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[GUIDE] How to Mine Quora for Content Ideas

Date published: April 25, 2013
Last updated: April 25, 2013

People have literally asked millions of questions over the past few years on Quora, the social network that aggregates questions and answers for just about any topic you can imagine. Quora is a massive trove of information that can be used in many different ways by both individuals and businesses.

For marketers, Quora represents a unique lens for us to see what types of questions people are asking in a given industry – whether we’re researching blog ideas for our own company or putting together a content strategy for a client.

But exploring a hierarchy of more than 250,000 topics can be intimidating if we’re not sure how to proceed. This post will provide some pointers on how to mine Quora for content ideas.

Inside the Answer Machine

Quora was released in public beta in 2010, founded by former Facebook employees Adam D’Angelo and Charlie Cheever. The network recently rolled out full-text search capabilities and a blogging platform that allows marketers to publish content beyond just questions and answers.

Here’s how Quora works: You can ask and/or answer questions that are arranged within an overall topic ontology. Topics typically include a list of Parent Topics, Child Topics, and Related Topics. For example, here is part of the ontology for the topic “Marketing”:

  • Parent Topics: Business; Business Development; Communication
  • Child Topics: Digital Marketing; Direct Mail; Product Marketing; Interactive Marketing; Social Media Marketing; Referral Marketing; Blogger Outreach (42 more)
  • Related Topics: Startups; Business; Small Business; Email Marketing; Retail (15 more)

Within each of these topics, you can browse questions, ask your own questions, answer questions and follow topics or questions that interest you. You can mine Quora questions manually with an Excel spreadsheet or (if you’re more daring) with a site scrape. Once you’ve completed your questions research, you can create targeted content that provides helpful answers for your audience and helps people solve problems.

Spreadsheet wizard, there’s got to be a twist

If you’re going the manual route, create a list of Quora topics by clicking on the “About” tab of your Parent Topic. Then sort your list by the number of people following each Child's Topic. (You can quickly view the number of followers by hovering over each Child Topic listed on the right-hand side of the “About” page.)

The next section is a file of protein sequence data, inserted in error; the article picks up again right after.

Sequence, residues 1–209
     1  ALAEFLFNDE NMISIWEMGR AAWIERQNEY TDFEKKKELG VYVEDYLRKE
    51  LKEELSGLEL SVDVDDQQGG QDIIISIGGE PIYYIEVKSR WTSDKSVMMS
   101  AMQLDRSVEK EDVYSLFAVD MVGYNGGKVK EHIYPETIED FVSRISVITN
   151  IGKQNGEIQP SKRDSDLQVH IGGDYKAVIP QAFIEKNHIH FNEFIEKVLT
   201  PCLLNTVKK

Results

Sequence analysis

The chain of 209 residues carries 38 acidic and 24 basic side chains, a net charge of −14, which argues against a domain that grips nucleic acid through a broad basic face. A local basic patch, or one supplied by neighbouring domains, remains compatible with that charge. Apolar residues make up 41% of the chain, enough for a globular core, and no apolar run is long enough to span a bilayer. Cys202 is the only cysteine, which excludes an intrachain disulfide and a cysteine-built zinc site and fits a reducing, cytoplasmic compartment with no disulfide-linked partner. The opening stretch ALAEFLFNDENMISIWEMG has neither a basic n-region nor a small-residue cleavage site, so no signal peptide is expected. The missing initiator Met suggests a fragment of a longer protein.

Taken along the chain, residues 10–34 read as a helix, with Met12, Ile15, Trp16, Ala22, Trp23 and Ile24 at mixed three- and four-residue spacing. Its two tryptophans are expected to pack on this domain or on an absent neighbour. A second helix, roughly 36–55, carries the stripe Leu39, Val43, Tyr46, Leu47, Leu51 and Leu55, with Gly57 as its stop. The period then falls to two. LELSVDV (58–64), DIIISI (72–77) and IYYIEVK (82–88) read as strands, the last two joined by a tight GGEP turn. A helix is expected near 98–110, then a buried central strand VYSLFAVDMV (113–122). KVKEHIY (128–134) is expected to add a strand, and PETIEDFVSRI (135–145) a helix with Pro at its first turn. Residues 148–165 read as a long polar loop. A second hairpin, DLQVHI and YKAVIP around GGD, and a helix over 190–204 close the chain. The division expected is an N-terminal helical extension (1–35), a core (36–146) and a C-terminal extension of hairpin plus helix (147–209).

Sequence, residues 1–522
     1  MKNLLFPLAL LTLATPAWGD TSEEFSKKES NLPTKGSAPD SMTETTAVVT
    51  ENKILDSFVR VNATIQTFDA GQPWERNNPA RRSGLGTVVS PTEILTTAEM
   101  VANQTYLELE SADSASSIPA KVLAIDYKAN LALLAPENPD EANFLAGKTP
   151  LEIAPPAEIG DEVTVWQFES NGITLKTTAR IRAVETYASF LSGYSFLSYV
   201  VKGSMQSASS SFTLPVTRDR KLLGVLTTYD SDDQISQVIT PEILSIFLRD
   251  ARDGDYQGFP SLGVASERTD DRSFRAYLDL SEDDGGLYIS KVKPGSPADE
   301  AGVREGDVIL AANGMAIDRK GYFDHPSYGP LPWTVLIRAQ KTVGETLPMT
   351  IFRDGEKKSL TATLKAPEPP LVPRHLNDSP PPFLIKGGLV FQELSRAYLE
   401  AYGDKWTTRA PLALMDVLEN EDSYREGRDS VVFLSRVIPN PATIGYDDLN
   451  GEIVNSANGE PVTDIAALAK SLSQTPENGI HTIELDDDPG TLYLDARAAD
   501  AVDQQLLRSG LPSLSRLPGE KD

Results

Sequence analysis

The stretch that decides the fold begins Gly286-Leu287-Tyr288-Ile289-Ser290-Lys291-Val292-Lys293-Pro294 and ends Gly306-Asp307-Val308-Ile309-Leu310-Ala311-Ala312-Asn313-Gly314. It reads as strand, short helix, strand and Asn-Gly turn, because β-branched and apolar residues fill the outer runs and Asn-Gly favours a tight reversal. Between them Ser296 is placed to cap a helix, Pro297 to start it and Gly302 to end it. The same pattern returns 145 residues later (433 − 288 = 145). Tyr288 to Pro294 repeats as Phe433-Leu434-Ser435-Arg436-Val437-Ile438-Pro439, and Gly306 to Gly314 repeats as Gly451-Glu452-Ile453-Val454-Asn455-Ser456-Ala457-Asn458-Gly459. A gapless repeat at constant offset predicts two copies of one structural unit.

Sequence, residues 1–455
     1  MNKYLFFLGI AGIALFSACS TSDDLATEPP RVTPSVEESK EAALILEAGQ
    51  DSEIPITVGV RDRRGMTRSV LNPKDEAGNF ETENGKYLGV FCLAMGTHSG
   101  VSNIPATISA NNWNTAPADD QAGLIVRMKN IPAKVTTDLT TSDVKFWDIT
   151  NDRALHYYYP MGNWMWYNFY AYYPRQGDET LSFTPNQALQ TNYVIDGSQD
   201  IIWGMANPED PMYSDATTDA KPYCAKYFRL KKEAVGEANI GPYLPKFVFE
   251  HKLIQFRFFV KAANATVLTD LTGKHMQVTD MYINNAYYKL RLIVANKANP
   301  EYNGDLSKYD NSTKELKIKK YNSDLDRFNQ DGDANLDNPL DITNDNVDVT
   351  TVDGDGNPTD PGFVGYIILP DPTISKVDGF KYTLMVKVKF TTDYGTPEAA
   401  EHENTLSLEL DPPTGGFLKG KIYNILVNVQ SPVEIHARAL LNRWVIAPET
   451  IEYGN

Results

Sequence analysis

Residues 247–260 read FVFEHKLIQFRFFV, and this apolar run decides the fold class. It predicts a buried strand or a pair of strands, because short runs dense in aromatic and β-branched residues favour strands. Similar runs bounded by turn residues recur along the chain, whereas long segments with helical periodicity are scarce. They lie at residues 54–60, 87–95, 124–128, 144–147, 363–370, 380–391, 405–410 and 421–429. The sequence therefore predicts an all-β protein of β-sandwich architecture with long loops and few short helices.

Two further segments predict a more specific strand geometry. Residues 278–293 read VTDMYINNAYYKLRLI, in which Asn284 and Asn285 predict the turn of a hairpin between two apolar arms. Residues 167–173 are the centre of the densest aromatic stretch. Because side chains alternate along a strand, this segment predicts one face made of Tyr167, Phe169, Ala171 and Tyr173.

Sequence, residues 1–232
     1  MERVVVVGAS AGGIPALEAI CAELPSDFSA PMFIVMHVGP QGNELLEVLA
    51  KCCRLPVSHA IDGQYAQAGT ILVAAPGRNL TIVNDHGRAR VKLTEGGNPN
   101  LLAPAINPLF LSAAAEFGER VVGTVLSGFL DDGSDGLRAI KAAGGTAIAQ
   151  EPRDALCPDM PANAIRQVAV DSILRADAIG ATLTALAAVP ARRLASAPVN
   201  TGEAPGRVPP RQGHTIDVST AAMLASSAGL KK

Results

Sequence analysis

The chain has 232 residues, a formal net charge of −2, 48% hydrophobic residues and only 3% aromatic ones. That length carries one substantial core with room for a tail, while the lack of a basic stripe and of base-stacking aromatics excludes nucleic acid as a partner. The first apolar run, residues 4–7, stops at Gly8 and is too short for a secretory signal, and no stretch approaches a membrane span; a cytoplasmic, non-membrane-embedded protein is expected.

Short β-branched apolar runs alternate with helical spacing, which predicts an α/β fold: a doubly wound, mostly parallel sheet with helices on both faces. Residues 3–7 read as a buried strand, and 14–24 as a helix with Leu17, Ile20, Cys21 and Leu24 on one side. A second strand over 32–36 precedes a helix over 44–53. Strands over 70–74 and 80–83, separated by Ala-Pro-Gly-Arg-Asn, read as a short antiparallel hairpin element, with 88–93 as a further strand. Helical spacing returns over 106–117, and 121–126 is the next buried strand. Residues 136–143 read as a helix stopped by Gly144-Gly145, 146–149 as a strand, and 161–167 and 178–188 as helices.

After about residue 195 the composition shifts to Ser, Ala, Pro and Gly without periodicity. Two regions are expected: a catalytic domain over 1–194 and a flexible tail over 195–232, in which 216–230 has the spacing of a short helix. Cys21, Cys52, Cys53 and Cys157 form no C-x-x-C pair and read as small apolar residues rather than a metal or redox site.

Here’s an abbreviated list of Marketing Child Topics that are sorted by followers.

Topic Followers
Social Media Marketing 119,495
Digital Marketing 89,450
Product Marketing 5,289
Referral Marketing 262
Direct Mail 137
Interactive Marketing 105
Blogger Outreach 103

So now you’ve got an idea of the amount of Quora interest in each of these Marketing Child Topics. (Keep in mind that topics with a small number of followers might simply be newer topics.)

Once you’ve identified some popular Child Topics, go a step deeper by looking at questions within the Child Topics. Let’s look at Social Media Marketing since it has nearly 120,000 followers. When we visit the Social Media Marketing page, we see a heading for Frequently Asked Questions that we’ll want to browse. The first question is “How will marketers use Google+?”

We then see numerous indicators that this question has a major interest (shown by the level of engagement). Check out these Question Stats:

  • 1,257 people have viewed the question
  • 37 people are following this question
  • 8 people have answered this question (and most of the answers have comments or votes)

Suffice it to say that this is a hot topic, as is the other Frequently Asked Question, “What are the best Twitter clients?” Put these two questions in a “Frequently Asked” tab of your research spreadsheet and record the engagement metrics. You can also browse the Related Questions located on the right of each question page.

Next, click on the “Trending” tab to see Quora’s list of Trending Questions for Social Media Marketing. List these questions in a “Trending” tab of your spreadsheet as you go through them, filtering the spreadsheet by a metric like the number of answers or the number of followers. (These two metrics show a higher degree of engagement/interest than a metric like a page view.)

When you’re done browsing the “Trending” tab, click on the “Questions” tab and create a corresponding tab on your spreadsheet. Then list the questions with a higher number of answers or followers. Also, take a look at the “Best Questions” listed on the right of this tab.

As an alternative option, you can scrape Quora to create your spreadsheet of categories, topics, and questions. Just make sure you’re comfortable with Quora’s terms of service if you decide to scrape.

So, what have been your experiences with Quora? Do you see it as a valuable site for coming up with content ideas, analyzing your competitors, or discussing your brand? We’d love to hear your thoughts on this popular question-and-answer community.

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